Getting there won’t be as simple as copy-catting across the pond or enacting a federal law outlawing unsafe streets and dangerous driving. Rather, the road to Vision Zero in the U.S. will be complicated, people-powered, and deeply democratic. It will be full of potholes but inspired and advanced by people ready and willing to help fill them.

Last year the editorial board of the Boston Globe wrote that, “The culture of driving has changed over time, and so can the widespread acceptance of motor vehicle fatalities as an unavoidable fact of life.” News outlets from the Associated Press to Wired to Slate to the Washington Post have questioned whether, journalistically, “accident” is an appropriate choice of word anymore. Last year, the San Francisco Municipal Transportation Agency publicly announced that “the words we use can have a powerful influence on the way we view traffic injuries, and calling them ‘accidents’ implies that nothing can be done to stop them,” pledging to ensure, “that our language reflects our core belief that no traffic fatality is inevitable or acceptable. By making this small change in our everyday vocabulary, we can all help spark a change in the way we talk and think about traffic crashes.” Vision Zero will require a seismic shift in American culture, and words matter a lot in moving the needle. Given the outsized influence that the U.S. culture machine has on much of the world, affecting culture change here has the potential for ripple effects well worth the effort. Leading with Grassroots The silver lining to a less top-down approach is that in the U.S., well-organized social movements do indeed influence change. In New York City and Portland, Oregon, people who lost loved ones in traffic crashes are organizing under the banner of Families for Safe Streets. Last year, families and others impacted by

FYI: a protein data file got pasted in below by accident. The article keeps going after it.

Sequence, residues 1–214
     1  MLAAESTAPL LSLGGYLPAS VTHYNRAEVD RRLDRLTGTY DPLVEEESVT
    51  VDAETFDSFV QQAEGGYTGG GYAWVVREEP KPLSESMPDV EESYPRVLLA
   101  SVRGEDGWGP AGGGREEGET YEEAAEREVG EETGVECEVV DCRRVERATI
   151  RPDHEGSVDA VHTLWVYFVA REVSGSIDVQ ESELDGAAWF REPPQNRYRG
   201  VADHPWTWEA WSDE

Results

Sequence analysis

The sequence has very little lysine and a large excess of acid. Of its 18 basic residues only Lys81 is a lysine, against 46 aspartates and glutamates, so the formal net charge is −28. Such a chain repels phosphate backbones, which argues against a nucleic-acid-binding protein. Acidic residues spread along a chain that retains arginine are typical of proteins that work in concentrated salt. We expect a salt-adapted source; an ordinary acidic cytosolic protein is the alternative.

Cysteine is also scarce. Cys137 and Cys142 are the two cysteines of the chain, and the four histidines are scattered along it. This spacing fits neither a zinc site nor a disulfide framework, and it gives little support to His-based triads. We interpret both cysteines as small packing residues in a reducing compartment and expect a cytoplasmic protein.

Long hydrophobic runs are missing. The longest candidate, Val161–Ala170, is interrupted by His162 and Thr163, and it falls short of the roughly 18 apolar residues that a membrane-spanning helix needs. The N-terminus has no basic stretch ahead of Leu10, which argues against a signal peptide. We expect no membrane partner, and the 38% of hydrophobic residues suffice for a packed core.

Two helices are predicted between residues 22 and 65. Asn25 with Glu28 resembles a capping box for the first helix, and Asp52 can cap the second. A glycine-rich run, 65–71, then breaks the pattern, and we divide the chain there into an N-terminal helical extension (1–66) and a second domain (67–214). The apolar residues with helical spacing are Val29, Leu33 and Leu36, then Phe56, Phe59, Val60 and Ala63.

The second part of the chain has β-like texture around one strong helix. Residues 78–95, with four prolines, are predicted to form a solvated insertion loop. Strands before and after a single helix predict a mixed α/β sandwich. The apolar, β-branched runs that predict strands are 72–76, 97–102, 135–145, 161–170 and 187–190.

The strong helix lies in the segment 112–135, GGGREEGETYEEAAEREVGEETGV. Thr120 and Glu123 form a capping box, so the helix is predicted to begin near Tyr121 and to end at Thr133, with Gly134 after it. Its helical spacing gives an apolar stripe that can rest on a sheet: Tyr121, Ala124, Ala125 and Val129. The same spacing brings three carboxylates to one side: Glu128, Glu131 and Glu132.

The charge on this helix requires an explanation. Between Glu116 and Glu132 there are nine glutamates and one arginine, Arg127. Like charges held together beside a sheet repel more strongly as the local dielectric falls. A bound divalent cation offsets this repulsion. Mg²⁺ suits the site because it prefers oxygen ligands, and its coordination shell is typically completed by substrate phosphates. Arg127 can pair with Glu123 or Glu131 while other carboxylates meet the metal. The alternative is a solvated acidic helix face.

[This article was first published in Transportation Alternatives’ Vision Zero Cities Journal in 2016.]

Leah Shahum is the founder and director of the Vision Zero Network, a campaign supporting cities working toward Vision Zero — zero traffic fatalities and severe injuries. The Vision Zero Network helps communities develop and share best practices for safe mobility for all road users. As a German Marshall Fund Fellow, Leah researched Vision Zero strategies in Sweden, Germany and the Netherlands. Prior to that, she was the Executive Director of the 10,000-member San Francisco Bicycle Coalition, which promotes bicycling for everyday transportation. Leah formerly served on the boards of directors of the Golden Gate Bridge, Highway & Transportation District and of the San Francisco Municipal Transportation Agency.

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An international journal of traffic safety innovation and the global movement toward Vision Zero published by Transportation Alternatives.

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Transportation Alternatives is your advocate for walking, bicycling, and public transit in New York City. We stand up for #VisionZero & #BikeNYC.